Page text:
Inside the Head of a Performer III – Part 8
Logic, Luck and Love
This was my toughest transition. Even harder than Jenn’s Back Porch finish. The end of the show was also the end of everyone’s individual character arcs. The end was bookended by my Mad About You piece. After I started the end, Jenn and Molly had their endings. One hopeful and one successful. Then it was Kevin’s turn. His ending was excellently crafted, as was his entire arc. He spent most of the evening making the audience laugh and really, REALLY knocked them on their ass with his ending. It was very moving and dark and honest. After spending his entire arc saying “What’s wrong with these people,” he concludes with an introspective “What’s wrong with me?” It’s touching and honest and a show-stopper. And I have to follow it.
My part is short. And uplifting. And will hopefully leave the audience hopeful with romance rather than solemn with despair. But I had to tiptoe into the darkness as to not overwhelm the audience with a change in tone. I also had created some extra work for myself on Opening Night by skipping a really important part during the first part of Mad About You. After figuring it out and stewing in my seat about it during the 10 minutes when the other three were delivering their end pieces, I had realized it was a pretty easy fix. This last tiny piece was basically two ideas. “It still takes work after finding someone” and “I don’t believe in most things, but I believe I will try to be the best person for her sake.” I had to fit in “I could pretend fate brought us together post facto if I wanted. Maybe it would help strengthen the bond we have. But it would also devalue all the work we have to do every day to make things work,” which I had forgotten from an earlier part of my piece. As mentioned, this was basically my conclusion, not just a throwaway line.
It thankfully fit very seamlessly into the end of the “It still takes work after finding someone” section. Looking back, it may actually belong there. But I wasn’t about to mess with the show in the middle of this week. So night after night, I got up and tried to let Kevin’s last words linger long enough for the audience to absorb them but not long enough so that they thought the show was over. And as moving as Kevin’s piece is, I don’t think it should be the end. It would certainly take our piece out of the “comedy” section just for the way we left the audience feeling. So I got up and brought the audience around to like this previously arrogant, cold and calculated character. Well, that was the plan. And I think I executed it well each night. As mentioned before, it’s pretty easy for me to get emotional. Honestly, I usually have to stop myself from getting emotional if I don’t want to during parts like this. So I let a little quiver come over my lips and a little glaze over my eyes.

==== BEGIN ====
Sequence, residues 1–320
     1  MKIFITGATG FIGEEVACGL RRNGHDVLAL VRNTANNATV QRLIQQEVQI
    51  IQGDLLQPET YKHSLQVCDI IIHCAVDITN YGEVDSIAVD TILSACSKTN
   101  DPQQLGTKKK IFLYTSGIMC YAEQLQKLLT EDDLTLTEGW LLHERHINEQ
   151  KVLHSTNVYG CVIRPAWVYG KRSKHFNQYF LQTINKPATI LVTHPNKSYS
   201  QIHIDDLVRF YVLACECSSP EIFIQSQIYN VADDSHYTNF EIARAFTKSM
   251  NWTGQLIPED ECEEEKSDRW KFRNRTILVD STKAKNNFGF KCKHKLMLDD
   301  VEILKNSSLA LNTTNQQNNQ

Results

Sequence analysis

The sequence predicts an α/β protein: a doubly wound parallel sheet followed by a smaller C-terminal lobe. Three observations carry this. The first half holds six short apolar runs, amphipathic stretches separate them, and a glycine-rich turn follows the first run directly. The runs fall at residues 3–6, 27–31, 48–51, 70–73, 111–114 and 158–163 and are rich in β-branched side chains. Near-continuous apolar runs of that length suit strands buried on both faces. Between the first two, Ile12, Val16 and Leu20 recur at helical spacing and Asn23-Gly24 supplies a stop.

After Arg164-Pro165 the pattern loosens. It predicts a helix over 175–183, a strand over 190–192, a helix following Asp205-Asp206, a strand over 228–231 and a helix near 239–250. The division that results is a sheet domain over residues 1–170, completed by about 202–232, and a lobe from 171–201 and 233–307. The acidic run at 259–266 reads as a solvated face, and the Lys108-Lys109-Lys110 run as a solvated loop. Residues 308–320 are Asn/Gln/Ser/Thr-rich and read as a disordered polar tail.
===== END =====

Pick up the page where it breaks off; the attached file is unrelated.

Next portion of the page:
And I delivered what I thought my most moving part was. “I don’t believe in fate. I don’t believe in God. I don’t believe in Meg Ryan. But I do believe that there is somebody out there who I care about very deeply. And as long as I’m around and able, I’m going to try to be the best person I can be for her sake. Because she deserves it. I may not believe in a lot. But I believe that.”
And I backed away slowly to the rise of “Somebody to Love” and the audience lights coming up, along with the rest of the cast. An obvious indication that it was the end of the show. We got a standing ovation on Opening Night (and partial standing ovations in other performances). It was the greatest feeling of accomplishment and justification for all our efforts that we could have asked for. Until the review came out the following day. All the slaving we did over rewrites and the direction we got and the order we put it in – it all worked. Perfectly. No stand-up act I ever did had done what this did. Thank you so much to my great friends and fellow cast members for inviting me into this production. I only hope as we expand and remount the show that you consider me for the role of Dustin. Until next time…
- Inside the Head of a Performer III – Part 1
- Inside the Head of a Performer III – Part 2
- Inside the Head of a Performer III – Part 3
- Inside the Head of a Performer III – Part 4
- Inside the Head of a Performer III – Part 5
- Inside the Head of a Performer III – Part 6
- Inside the Head of a Performer III – Part 7